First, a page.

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'Won't Meet Judicial Scrutiny': Maratha Activists Say New Bill Is a Poll Ploy by Maharashtra Govt

This is the third time a Bill of this kind has been put forth by the state – the first two attempts were struck down by the courts as being legally unsound and crossing the 50% overall reservation limit.
Maharashtra chief minister Eknath Shinde. Photo: X/@mieknathshinde

New Delhi: The Maharashtra state assembly on Tuesday (February 20) unanimously passed a Bill reserving 10% seats in educational institutions and government jobs for the Maratha community. This is the third time a Bill of this kind has been put forth by the state – the first two attempts were struck down by the courts as being legally unsound.

The Bill states that those from the ‘creamy layer’ will be excluded from this reservation. All three Bills have been introduced in the run-up to the elections. This time too, Maratha community leaders have argued that the Bill is an electoral trick and will not stand the legal test in courts as it has not been properly formulated.

The Eknath Shinde government introduced the Bill on the basis of the Maratha community’s “social and educational backwardness”, which it says was established by the Maharashtra State Backward Class Commission survey. However, this claim is rife with controversy as six members of the Commission – including its chairman, Justice (retired) Anand Nirgude – resigned, saying that the state government was interfering with its work and trying to force them into declaring the Maratha community as backward.

Both opposition leaders and Maratha leaders who have been agitating for the reservation are unconvinced by the new Bill. Manoj Jarange, who had become the face of the Maratha protests, said that the Maratha community should have been included in the OBC community instead of being added as a separate reserved section. “Government has given us a separate reservation which crosses 50% ceiling and which does not stand the scrutiny of the law,” he said, according to The Times of India.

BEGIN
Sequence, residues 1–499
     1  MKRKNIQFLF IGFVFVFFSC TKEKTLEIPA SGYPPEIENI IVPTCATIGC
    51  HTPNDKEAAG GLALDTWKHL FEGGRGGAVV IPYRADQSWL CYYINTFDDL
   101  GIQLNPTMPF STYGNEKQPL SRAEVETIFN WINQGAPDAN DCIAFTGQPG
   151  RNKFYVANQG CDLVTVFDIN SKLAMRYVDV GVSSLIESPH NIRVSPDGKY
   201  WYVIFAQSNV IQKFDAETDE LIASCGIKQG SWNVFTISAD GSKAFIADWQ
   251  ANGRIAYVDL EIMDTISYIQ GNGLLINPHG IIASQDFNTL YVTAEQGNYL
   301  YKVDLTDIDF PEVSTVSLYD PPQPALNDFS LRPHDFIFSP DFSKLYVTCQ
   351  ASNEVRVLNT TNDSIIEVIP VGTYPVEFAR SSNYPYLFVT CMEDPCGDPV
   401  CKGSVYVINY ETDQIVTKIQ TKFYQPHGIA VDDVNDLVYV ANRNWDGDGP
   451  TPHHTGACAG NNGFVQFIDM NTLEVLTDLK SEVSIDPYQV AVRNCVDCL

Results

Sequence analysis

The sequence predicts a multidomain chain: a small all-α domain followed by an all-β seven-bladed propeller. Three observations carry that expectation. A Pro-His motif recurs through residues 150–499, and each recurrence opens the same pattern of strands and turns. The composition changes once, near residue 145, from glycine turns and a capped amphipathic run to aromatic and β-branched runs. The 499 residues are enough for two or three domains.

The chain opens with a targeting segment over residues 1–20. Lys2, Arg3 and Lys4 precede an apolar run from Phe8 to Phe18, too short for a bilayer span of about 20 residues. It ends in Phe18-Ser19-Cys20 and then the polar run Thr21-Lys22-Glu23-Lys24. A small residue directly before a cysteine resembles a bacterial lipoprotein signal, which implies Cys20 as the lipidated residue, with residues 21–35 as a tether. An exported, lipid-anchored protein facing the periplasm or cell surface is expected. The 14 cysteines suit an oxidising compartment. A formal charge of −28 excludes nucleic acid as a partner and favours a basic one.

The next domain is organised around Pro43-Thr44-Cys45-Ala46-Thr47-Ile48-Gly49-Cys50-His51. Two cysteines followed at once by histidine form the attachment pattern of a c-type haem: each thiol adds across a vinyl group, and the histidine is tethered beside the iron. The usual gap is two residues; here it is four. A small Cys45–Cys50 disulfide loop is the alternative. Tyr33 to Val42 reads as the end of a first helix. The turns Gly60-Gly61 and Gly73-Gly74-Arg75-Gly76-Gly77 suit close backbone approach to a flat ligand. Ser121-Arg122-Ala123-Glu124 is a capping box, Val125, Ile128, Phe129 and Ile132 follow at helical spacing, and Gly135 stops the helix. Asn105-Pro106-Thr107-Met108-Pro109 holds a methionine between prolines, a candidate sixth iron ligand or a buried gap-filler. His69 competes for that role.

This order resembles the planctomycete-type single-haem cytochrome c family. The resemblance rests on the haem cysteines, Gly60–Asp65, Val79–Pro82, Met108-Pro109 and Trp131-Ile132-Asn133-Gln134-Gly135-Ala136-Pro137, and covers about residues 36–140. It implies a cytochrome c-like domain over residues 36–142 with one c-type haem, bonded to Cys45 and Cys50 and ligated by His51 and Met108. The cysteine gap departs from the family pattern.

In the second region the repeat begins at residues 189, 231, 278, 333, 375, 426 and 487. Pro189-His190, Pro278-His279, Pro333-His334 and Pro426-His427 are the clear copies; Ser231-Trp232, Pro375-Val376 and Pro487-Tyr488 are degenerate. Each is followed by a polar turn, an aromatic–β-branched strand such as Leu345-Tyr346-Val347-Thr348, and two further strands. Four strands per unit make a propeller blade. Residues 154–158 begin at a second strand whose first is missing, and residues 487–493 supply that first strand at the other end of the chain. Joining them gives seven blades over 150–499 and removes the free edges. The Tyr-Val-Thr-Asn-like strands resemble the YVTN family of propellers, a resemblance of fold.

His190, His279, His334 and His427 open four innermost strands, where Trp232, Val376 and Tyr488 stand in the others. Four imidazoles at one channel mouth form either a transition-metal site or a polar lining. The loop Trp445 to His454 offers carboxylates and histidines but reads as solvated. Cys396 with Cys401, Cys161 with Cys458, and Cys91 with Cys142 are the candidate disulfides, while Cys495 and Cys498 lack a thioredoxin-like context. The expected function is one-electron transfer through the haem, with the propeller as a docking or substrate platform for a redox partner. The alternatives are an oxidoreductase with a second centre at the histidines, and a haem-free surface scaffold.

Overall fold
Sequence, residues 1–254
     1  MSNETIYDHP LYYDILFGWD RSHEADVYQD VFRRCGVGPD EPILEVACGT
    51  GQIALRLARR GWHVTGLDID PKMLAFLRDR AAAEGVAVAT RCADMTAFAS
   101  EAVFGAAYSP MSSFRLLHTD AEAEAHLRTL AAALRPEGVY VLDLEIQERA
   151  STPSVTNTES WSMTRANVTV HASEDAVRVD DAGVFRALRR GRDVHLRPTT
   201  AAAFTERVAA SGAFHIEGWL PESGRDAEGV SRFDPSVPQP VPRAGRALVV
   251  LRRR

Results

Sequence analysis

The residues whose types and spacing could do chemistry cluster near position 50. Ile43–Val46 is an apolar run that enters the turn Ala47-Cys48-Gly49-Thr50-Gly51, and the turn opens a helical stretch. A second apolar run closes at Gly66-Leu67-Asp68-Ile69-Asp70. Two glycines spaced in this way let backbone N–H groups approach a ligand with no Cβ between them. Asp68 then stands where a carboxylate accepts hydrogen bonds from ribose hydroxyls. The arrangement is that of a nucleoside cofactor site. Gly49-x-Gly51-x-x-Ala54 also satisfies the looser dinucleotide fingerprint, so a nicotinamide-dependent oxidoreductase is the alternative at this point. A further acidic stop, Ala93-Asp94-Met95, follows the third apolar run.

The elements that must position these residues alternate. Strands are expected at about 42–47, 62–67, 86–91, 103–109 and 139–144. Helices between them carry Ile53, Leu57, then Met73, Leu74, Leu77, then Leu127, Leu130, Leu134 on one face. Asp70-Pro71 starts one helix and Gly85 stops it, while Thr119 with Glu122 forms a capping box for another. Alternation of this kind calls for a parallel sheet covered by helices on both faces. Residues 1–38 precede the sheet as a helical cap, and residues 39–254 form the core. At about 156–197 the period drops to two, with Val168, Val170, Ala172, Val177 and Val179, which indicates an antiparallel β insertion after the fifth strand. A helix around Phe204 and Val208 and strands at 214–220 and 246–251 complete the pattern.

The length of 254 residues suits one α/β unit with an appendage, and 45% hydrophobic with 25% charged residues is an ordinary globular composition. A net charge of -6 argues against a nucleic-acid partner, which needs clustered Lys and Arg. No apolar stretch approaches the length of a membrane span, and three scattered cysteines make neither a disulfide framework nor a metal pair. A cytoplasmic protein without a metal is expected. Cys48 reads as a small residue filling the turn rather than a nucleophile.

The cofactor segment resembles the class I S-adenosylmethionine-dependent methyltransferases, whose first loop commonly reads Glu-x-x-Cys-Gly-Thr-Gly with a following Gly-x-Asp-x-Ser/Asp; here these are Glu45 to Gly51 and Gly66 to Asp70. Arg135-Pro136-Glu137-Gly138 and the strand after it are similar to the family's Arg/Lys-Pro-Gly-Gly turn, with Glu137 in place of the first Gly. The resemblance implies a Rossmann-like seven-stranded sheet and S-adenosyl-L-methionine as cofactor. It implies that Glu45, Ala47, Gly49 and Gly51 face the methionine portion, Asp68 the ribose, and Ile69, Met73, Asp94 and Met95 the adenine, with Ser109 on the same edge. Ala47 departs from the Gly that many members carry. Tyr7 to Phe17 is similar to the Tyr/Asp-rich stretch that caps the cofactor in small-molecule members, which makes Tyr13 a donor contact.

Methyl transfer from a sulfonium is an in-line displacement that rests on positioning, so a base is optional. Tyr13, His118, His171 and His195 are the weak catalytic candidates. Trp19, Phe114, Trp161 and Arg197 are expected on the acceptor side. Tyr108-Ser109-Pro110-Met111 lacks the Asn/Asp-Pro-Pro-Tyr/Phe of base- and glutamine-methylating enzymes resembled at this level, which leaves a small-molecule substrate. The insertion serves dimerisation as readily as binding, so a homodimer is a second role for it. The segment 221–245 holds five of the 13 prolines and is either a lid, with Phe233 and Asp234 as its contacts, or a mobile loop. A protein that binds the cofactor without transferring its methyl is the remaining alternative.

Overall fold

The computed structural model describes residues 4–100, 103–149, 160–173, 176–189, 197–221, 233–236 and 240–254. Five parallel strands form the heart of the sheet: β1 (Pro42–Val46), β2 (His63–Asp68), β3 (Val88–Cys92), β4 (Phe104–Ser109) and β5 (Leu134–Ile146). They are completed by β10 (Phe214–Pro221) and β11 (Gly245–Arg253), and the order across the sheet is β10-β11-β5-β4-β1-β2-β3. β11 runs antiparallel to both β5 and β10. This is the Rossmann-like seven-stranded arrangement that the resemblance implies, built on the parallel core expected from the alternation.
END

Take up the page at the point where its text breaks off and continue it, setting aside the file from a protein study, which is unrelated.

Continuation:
“We are disappointed with govt and especially with chief minister Eknath Shinde, who had taken a pledge in the name of Chhatrapati Shivaji Maharaj that he would be giving reservation, but today’s decision will not stand legal scrutiny,” Pravin Indulkar, advocate and Maratha activist, said.

Nationalist Congress Party leader Sharad Pawar said that the new Bill closely resembled the two others that had been rejected by the courts. “The draft of the bill cleared by state legislature today is the same as that of the one presented before the apex court. We need to see what happens to the fresh bill in Supreme Court,” he said.

Previous Supreme Court verdict on Maratha reservation

On October 13 this year, Chief Justice of India D.Y. Chandrachud said a curative petition against the apex court’s judgement holding the Maratha reservation law unconstitutional will be listed for consideration, the Hindu reported.

In May 2021, the top court had declared reservation for the Maratha community as unconstitutional as it breached the 50% quota limit. The court had also refused to revisit its 1992 Indira Sawhney verdict which fixed the ceiling limit for reservation at 50%.

The court had further said that it found no “exceptional circumstances” or “extraordinary situation” to break the 50% ceiling limit to bestow quota benefits on the Maratha community.

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